Discussions around the development of these specialised centres must include ambulance providers and commissioners
at the early stages to understand the impact on resources, with ambulances potentially required to travel further distances, taking them out of their normal locations. With the evolving care models and the drive for more care to be delivered closer to home, there is also need to review the two tiers of ambulance transport currently provided – urgent and emergency and patient transport service. We would suggest that these could be developed into three tiers:

  • Planned – for patients requiring transport on a planned basis, as part of their ongoing treatment needs, but do not require the staff to have clinical skills.
  • Unplanned – for patients with critical, serious or life-threatening emergency
  • care needs who require a highly skilled crew.
  • Enhanced patient transport service (PTS) – for patients currently classified as ‘urgent’ who require transport to hospital with the support of staff educated to a designated level. Currently this group is usually ‘booked’ between midday and late afternoon following assessment by a GP or other healthcare professional.

What is needed to support these changes?
There are a series of key enablers required to support change to the system we want to create – one that incentivises a whole-system approach to increasing safe care closer to home, sharing risk across providers and commissioners alike.
These relate to workforce, information technology, payment mechanism and commissioning models.

The ambulance service is facing significant challenges in the recruitment and retention of trained paramedics. Not only is there a shortage but the training and roles available do not always support a focus on more community-based care to support the patient to remain at home where clinically safe and appropriate to do so.
Health Education England (HEE) with AACE and the College of Paramedics have undertaken a Paramedic Evidence Based Education Project (PEEP) that looks at the need for changes to paramedic training, together with a review of skill mix in the overall workforce. Due to the high demand across the urgent care system for paramedics and the rate of leavers from the service, we believe that HEE should consider increasing training places across the country and map out with commissioners and providers the future requirements and geographical areas of deficit, so that a realistic plan and timescales can be agreed.
We also need to look at the way in which we use staff, making greater use of those staff with advanced skills to focus these across specific elements of care, such as community or emergency needs, rather than all staff focussing on all conditions. This would support a greater level of multi-disciplinary working.

Information technology
To support the patient journey, ambulance staff must have access to the correct information including patient records. To provide the appropriate care, they need easy access to the local directory of service and for staff to use electronic patient care records so that all clinicians involved in a patient’s care can access the relevant information.

Payment mechanism
Traditional transactional and competitive behaviours between providers and commissioners, will not deliver the ambitions contained in the UEC Review. The current tariff is too sensitive to changes that impact on overall costs, resulting in risks to both the provider and commissioner. There needs to be recognition of the costs of delivering a 24/7 response model in both an urban and rural area with the payment mechanism reflecting this. Commissioners believe that unless the payment mechanism supports transition of fixed costs to other community and primary care settings then the transformation required will not happen.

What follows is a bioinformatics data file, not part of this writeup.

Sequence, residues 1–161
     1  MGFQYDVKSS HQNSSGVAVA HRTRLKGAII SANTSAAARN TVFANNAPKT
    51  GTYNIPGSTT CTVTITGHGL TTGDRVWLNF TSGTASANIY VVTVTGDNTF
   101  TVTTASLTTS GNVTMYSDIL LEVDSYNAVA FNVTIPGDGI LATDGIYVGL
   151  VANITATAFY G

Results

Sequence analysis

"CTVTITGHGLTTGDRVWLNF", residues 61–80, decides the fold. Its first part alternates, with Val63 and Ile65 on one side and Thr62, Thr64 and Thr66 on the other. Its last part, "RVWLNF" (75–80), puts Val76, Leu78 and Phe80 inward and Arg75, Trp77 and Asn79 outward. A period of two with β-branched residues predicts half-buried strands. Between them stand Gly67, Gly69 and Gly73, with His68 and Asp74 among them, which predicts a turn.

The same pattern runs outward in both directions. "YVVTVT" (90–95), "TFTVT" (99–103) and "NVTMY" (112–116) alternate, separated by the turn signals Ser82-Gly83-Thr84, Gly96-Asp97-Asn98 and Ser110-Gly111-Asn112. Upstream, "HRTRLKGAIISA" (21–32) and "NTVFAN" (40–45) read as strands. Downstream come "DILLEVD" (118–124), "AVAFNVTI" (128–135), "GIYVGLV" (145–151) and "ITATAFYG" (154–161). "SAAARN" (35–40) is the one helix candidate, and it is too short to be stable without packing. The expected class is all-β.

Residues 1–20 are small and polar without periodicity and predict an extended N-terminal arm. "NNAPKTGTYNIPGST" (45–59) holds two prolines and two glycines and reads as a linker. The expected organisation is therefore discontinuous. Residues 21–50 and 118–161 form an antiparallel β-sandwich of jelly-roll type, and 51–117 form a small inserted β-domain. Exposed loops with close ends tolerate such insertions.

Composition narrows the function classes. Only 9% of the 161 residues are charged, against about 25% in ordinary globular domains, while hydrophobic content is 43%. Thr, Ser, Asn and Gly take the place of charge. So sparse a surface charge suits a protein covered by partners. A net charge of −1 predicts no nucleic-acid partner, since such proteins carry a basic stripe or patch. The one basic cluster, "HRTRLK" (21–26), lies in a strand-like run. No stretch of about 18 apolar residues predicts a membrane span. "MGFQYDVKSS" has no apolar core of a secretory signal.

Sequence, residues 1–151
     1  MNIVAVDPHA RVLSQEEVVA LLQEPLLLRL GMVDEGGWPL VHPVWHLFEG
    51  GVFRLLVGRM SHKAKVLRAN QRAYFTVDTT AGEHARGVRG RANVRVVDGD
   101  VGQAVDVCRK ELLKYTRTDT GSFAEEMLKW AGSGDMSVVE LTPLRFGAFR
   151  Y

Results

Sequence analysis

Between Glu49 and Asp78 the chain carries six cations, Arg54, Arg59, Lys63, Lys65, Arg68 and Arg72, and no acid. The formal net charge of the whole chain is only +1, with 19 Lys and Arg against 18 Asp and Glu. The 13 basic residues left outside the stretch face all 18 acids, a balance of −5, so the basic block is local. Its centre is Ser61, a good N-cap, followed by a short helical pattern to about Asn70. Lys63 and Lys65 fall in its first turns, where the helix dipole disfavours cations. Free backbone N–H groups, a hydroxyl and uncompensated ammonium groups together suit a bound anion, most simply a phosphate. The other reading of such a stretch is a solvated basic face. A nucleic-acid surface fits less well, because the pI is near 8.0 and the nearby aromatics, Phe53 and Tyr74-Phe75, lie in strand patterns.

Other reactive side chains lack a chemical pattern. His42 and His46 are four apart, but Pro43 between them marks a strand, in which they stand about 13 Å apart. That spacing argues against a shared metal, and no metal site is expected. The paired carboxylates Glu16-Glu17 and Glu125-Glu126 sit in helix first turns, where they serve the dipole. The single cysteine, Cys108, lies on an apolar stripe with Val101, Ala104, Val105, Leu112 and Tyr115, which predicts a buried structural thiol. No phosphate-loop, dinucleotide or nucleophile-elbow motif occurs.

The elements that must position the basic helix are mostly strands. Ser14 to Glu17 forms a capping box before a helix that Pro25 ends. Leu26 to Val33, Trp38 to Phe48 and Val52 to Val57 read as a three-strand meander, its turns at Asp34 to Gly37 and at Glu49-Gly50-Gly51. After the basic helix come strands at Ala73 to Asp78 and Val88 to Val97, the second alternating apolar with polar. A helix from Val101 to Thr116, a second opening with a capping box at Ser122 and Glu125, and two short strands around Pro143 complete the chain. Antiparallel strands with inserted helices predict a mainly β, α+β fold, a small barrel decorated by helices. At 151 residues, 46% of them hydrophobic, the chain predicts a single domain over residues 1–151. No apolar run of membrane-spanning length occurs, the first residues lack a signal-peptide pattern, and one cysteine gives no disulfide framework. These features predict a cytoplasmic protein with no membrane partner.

Commissioning models
The majority of contracts for emergency ambulance provision are negotiated on a regional basis by a lead CCG under collaborative commissioning arrangements.
There are some areas where we believe national commissioning is more appropriate for ambulance service provision – that required to support national resilience, particularly with regard to specialist functions covered by the emergency preparedness response and recovery (EPRR) core standards, for example the hazardous area response team (HART).
In other matters, we believe that the collaborative commissioning arrangements remains the appropriate model of commissioning. With the evolution of increased examples of integrated care models and new commissioning models, commissioners will need to continue to collaborate across larger footprints to ensure resources are maximised efficiently and deliver services differently.
While the model of commissioning is appropriate, we would again reinforce the point that we need to change to commissioning for outcomes. There must be a move from the current contracts for services, to commissioning for outcomes focused around patient and clinician experience and patient outcomes.

Collaborating to provide a modern ambulance service
The report set out to progress the debate and inspire discussion, and since its launch we have used it to engage with stakeholders across the system. Since publication we have already seen a number of welcome developments with regards to testing increased triage times, the review of current call codes and progress of urgent care vanguards that includes ambulance services. We look forward to collaborating further with partners on these and other developments.
It is only through this collaboration across the healthcare system that we will achieve our aim of moving swiftly to provide the public with a modern fit-for-purpose service where sickest are reached fast, and that everyone receives the right care, in the right place at the right time. The UEC Review has given us an opportunity to seize the moment and reform the ambulance service for the better – it is crucial that we do not lose it. l

Jane Hawkard, chair of NHS Clinical Commissioners National Ambulance Commissioners Network and chief officer of NHS East Riding of Yorkshire Clinical Commissioning Group.

Developing an ambulance commissioning strategy: Five Year Forward View and beyond –